According to an analyst, pension obligations for Ford at the end of 2011 totaled $74 billion, with $15.4 billion of that still being owed. To reduce that amount, Ford will be offering 98,000 current and former white-collar employees a lump-sum pension buyout. General Motors, whose $134 billion pension obligation was underfunded by $25.4 billion at the end of last year, will be doing the same with 42,000 of its salaried employees and its switching others to 401(k) plans. When Chrysler CEO Sergio
General Motors is moving to reduce the company's pension costs by $26 billion. The automaker is offering around 42,000 of its salaried retirees and surviving beneficiaries a one-time lump-sum payment in lieu of their current monthly benefit. In addition, GM plans to shift its salaried pensions to Prudential Insurance Co. of America. All told, the move will cost the manufacturer between $3.5 billion and $4.5 billion, including funding the plan and purchasing an annuity contract from Prudential. G
General Motors will freeze the defined benefit pension plans of 19,000 workers on Sept. 30, 2012, shifting them instead into 401(k) plans. Affected workers were all hired before 2001 and are salaried employees. Hourly workers are not affected by this change.
The Detroit News is reporting that a federal judge has thrown out a portion of the lawsuit brought against the federal government by Delphi retirees. The former employees of the automotive supplier brought suit against the federal government after their pensions were terminated in bankruptcy proceedings. U.S. District Judge Arthur Tarnow dismissed claims against the U.S. Treasury Department, Timothy Geithner, the auto task force, Steven Rattner and Ron Bloom, though the judge did allow the lawsu
The Detroit Three's 267,000 hourly retirees will soon receive a COLA (cost of living allowance) of $700 each to cover the cost of inflation; an annual tradition that arrives in time for the holiday season. The 72,000 surviving spouses will also be rewarded with up to $455 to help with rising costs.
General Motors continues to use its newfound cash in a manner that aims to please its accounting department. After receiving a sizable monetary infusion thanks to the largest IPO in U.S. history, GM is now focused on putting that money to good use. Its Korean subsidiary, GM-Daewoo, recently paid off a $1 billion credit that was owed, and today, The General is pouring $4 billion much needed greenbacks into its pension fund deposit.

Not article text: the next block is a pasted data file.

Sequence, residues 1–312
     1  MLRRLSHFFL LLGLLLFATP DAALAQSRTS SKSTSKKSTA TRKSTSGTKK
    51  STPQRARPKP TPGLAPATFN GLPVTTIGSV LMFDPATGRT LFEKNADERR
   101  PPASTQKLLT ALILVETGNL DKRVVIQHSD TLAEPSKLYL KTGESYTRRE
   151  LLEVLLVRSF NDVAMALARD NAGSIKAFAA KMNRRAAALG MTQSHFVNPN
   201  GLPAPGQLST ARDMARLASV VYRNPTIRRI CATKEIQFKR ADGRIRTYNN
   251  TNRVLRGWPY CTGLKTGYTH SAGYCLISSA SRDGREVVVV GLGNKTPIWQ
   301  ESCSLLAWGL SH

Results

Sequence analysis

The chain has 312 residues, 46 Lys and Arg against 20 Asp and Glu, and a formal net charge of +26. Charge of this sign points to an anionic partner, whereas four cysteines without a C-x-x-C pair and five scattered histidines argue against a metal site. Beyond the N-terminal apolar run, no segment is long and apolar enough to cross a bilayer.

There's $77 billion owed to the pension plans contributed to by auto industry manufacturers and partner companies and we're to assume that at least seven billion of that is owed by Ford to the UAW's Voluntary Employment Benefit Association. The way Ford is going, it looks likely to pay that off without needing unsavory assistance. When it comes to General Motors' and Chrysler's obligations over the next five years, though, the Government Accountability Office has warned that Uncle Sam still need
Visteon, the automotive supplier currently going through bankruptcy proceedings, is seeking to rid itself of pension obligations for 21,000 current workers and retirees. It wouldn't mean the end of pensions for the workers, but the payments would be taken over by the Pension Benefit Guaranty Corporation (PBGC), and that would mean diminished benefits.
With General Motors in bankruptcy, it was only a matter of time before pensions came under scrutiny. The Detroit News is reporting that GM CEO Fritz Henderson has confirmed that executive pensions beyond $100,000 per year will be cut by two-thirds. Recently defenestrated boss Rick Wagoner will likely take the biggest hit of all – he was supposed to receive $22 million over five years as part of his retirement package, but that number will reportedly drop by up to $15 million.
A court filing by the legal firm Jones Day estimates that 38,500 Chrysler workers will lose their jobs if the bankrupt automaker fails to quickly form an alliance with Fiat SpA and is forced to liquidate. In addition, if the deal with Fiat is rejected Chrysler LLC employees will lose $9.8 billion in benefits and $2 billion in pension payments, according to the legal team.
The much ballyhooed meeting between domestic auto industry leaders and U.S. lawmakers came and went today, with the net-net being that the Capitol gang has pledged to work with the manufacturers 'as partners.'